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Friday, June 10, 2016

Simple Syrups, Tonics, and Bitters: Part 2

Welcome to part two of our Simple Syrups, Tonics, and Bitters tutorial. Yesterday, we learned a little bit about simple syrups and got a few delicious combinations to try out. In case you missed it, catch up here. Today, it's on to tonics.


You might wonder why anyone in their right mind would bother making their own tonic water. Big brands in grocery stores only cost about $1, and you can even buy high-quality tonics in specialty stores, so why deal with DIY?

Because when you make it on your own, you can do whatever you want. Don't like lavender? Leave it out! Want to try adding a new-to-you herb or botanical? Experiment to your heart's content! One of the biggest obstacles to making your own tonic is the ingredients list - where are you going to find cinchona bark, citric acid, lemon grass, allspice, cardamom, lavender, and other random botanicals all in one place, without having to order online?

Give you one guess.

Now that you're (hopefully) convinced to make your own tonic, here are a few pointers to get you started:

The main ingredient in tonic is cinchona bark, which contains quinine, the key flavor in tonic. (You might remember that cinchona bark from the Flavors of World Cup, where it was Ecuador's ingredient).

Fun fact: Tonic was first made for medicine! The quinine found in cinchona bark was used to treat malaria. Supposedly, the British added gin and lime to make tonic more palatable, the gin and tonic was born, and the flavor combination stuck.

Cinchona Bark

Typical tonic ingredients include:

Cinchona bark
Citrus zest – lemon, lime, grapefruit, etc.
Lemon grass
Citric Acid (souring agent and helps with preservation)
Green cardamom
Lavender buds

After some digging on the internet, I found two main camps of tonic-makers: the warm brew and the cold brew. The warm brew extracts flavors more quickly, but you're left with a "cooked" flavor in your tonic. The cold brew takes a little longer, but results in a fresher flavor. Try them both and see what you like best.

Warm brew: Combine ingredients with water and sweetener to taste and simmer for about 20 to 30 minutes. Strain through coffee filters or cheesecloth and store in a bottle in the refrigerator.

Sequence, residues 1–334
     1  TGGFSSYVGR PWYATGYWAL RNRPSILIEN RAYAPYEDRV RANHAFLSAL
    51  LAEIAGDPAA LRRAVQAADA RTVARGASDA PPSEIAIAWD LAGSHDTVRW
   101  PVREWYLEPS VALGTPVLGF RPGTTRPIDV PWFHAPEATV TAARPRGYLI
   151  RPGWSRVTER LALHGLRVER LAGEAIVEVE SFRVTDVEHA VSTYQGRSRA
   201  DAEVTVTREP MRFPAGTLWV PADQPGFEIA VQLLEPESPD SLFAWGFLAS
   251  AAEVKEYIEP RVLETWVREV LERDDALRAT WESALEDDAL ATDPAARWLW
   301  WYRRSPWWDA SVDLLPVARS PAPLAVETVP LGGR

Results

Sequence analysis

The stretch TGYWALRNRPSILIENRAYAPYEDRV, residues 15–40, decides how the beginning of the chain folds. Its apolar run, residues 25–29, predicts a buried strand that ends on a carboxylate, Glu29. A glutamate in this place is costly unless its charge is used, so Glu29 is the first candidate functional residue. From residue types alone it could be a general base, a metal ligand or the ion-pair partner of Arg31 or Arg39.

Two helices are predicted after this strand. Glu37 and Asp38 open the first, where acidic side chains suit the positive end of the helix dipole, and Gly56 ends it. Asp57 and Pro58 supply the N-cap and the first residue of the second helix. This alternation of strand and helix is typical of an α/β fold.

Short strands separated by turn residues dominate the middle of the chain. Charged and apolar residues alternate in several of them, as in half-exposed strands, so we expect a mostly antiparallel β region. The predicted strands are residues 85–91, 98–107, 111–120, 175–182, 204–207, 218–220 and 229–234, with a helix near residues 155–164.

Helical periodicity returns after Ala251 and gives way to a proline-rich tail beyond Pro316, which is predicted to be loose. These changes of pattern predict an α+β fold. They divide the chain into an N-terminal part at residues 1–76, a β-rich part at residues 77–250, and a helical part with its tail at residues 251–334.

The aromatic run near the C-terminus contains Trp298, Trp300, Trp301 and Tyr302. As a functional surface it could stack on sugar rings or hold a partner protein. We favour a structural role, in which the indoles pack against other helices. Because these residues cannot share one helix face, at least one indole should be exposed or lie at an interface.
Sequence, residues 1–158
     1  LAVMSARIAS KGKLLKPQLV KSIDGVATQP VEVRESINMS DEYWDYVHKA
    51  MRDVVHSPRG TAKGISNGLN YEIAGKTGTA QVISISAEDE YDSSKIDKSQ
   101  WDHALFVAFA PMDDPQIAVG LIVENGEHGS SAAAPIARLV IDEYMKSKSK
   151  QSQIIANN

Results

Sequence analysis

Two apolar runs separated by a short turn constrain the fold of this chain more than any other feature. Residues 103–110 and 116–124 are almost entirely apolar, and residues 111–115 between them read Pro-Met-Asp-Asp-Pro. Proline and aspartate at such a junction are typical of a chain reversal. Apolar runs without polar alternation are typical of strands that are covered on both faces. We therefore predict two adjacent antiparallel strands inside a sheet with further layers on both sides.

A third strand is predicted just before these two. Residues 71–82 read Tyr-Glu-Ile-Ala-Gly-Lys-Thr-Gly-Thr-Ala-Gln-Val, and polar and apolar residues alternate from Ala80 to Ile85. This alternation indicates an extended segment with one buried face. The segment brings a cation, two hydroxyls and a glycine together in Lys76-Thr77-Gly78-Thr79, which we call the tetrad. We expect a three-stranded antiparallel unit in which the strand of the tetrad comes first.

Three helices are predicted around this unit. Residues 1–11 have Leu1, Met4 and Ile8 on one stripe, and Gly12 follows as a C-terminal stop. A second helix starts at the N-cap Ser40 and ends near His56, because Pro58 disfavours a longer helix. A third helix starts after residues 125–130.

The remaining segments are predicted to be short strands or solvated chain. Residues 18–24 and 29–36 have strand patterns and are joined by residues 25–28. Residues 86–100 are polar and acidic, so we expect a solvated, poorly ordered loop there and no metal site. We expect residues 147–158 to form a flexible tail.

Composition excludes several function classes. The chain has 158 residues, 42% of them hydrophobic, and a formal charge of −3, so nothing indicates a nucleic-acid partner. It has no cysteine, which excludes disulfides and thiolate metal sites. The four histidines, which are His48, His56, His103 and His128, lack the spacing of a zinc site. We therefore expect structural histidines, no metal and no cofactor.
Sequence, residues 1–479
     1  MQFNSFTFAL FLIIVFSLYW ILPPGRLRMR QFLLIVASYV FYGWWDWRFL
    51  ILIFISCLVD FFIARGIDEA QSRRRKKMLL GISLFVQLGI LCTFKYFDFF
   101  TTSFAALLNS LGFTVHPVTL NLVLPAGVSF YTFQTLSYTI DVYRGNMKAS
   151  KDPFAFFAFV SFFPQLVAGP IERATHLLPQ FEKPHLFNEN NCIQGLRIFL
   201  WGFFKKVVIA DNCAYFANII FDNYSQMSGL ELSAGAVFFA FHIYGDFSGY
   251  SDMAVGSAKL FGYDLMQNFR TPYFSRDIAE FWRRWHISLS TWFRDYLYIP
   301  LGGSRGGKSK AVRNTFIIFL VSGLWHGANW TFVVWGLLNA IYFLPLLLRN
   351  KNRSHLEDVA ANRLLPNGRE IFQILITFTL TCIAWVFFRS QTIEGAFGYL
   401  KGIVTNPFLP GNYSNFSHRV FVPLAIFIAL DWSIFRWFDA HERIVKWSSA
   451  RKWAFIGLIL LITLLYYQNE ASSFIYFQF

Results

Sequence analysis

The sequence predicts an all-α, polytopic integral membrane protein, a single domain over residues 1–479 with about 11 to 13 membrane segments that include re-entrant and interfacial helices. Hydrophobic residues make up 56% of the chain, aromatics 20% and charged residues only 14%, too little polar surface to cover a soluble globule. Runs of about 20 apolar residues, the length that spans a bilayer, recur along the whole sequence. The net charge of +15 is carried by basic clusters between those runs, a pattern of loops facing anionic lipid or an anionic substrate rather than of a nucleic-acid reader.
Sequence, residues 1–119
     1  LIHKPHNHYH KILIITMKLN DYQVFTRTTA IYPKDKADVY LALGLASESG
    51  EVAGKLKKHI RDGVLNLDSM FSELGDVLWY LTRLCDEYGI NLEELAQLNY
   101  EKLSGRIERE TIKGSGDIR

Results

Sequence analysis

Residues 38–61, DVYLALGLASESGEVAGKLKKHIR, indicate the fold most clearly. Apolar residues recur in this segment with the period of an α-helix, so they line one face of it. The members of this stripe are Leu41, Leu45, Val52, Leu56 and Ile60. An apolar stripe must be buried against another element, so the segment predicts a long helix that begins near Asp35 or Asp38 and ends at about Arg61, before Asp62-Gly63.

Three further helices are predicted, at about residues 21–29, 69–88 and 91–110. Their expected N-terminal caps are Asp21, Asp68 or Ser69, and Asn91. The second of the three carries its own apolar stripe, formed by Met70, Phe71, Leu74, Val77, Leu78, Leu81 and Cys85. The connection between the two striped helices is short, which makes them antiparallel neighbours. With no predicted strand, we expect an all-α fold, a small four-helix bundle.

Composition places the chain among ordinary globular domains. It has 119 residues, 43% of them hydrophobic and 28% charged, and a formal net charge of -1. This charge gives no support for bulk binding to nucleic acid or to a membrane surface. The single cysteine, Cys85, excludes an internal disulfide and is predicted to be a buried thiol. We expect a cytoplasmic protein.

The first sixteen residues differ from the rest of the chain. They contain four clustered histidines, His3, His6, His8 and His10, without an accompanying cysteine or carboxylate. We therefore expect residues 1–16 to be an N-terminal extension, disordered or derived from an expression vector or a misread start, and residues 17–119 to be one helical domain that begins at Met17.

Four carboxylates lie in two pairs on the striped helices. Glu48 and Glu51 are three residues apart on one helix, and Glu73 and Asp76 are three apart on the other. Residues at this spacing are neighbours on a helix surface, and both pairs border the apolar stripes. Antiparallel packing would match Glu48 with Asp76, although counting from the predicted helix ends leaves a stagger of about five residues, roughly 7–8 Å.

Cold brew: Combine ingredients with water and let infuse for 72 hours, shaking bottle every day. Strain through coffee filters or cheesecloth and stir in a simple syrup of choice (water/sugar or water/agave nectar, for example). Store in a bottle in the refrigerator.

(Recipes with more detail and specific measurements can be found here, here, here, and here.)

To use your freshly brewed tonic syrup, combine 1 part tonic syrup and 4 parts carbonated water, then adjust to taste.

Happy DIY-ing, and check back tomorrow for the conclusion of our tutorial - BITTERS.

This post is part of our series on simple syrups, tonics, and bitters. For others in the series check out:
Simple Syrups, Tonics, and Bitters: Part 1
Simple Syrups, Tonics, and Bitters: Part 2
Simple Syrups, Tonics, and Bitters: Part 3


Kara Elder grew up playing in the kitchen cupboards and reading cookbooks for fun while watching her mom cook tasty Mexican meals. After graduating with a degree in Russian, she found herself increasingly interested in reading food blogs and planning menus. Kara, her mom, and her sister started a food blog of their own, The Troika Table. Kara is a Bazaar Spices Team Member and also works for Joan Nathan, a DC-based cookbook author and food writer. 

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